Bachelor of Science Degree, Engineering Major
See also Electrical
Improve products and processes with engineering principles
One of the broadest of engineering disciplines, mechanical engineering comprises designing, developing, and manufacturing engines, machines, and countless other mechanical devices and products. PCC’s mechanical engineering concentration provides students with the scientific and mathematical foundation needed to understand God’s natural laws and apply them to profoundly improving life.
College-level engineering study requires a good understanding of physical sciences, a highly developed ability in mathematics, and competence to read rapidly with comprehension. PCC’s program helps students strengthen skills in these disciplines while focusing on fundamental science and mathematical laws. Through practical application in engineering labs, students learn how to harness, control, and direct nature’s forces to achieve human goals.
In the senior year, students apply their learning and training in a capstone design project using modern design methods and electronic automation tools.
Students completing PCC’s mechanical engineering concentration can choose a career in various fields and industries, or choose to further their knowledge in graduate studies.
The baccalaureate degree in engineering at Pensacola Christian College is accredited by the Engineering Accreditation Commission of ABET.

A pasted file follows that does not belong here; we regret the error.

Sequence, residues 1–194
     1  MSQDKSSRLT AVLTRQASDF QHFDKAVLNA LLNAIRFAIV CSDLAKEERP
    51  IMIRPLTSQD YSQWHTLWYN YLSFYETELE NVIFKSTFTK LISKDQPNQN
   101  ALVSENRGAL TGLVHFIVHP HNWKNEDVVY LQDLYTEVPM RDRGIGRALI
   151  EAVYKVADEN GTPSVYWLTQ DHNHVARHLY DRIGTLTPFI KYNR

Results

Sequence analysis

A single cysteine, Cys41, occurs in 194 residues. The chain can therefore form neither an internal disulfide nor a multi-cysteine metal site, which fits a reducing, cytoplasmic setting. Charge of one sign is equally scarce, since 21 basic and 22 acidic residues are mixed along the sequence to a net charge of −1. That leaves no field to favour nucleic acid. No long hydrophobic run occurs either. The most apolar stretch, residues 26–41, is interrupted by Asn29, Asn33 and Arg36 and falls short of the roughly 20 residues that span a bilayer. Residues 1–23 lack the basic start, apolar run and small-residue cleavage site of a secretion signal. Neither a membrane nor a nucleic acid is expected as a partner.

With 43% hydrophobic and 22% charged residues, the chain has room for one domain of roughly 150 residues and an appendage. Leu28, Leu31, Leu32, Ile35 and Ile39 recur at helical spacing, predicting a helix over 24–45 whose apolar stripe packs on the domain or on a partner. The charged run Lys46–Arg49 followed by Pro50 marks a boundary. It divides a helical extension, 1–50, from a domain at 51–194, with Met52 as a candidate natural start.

All students in this program are required to be full-time students taking a minimum of 12 semester hours. First consideration for acceptance into the program will be given to residence hall students. PCC does not provide residence hall living space for married students or their families.
High School Preparation
Modern engineering education demands much specific high school preparation. Ideally, the beginning engineering student should have a good understanding of basic physical sciences, a highly developed ability in mathematics, and competence to read rapidly with comprehension. Minimum adequate preparation includes 2 units of algebra and 1 unit each of plane geometry, advanced mathematics (trigonometry and analytical geometry or precalculus), chemistry, and physics. While prior computer knowledge is helpful, it is not required.
Students not prepared to enter directly into the engineering curriculum will be able to make up certain deficiencies. In this case, time required to complete an engineering degree could be expected to increase.
Recommended Course Sequence
Sophomore Course Sequence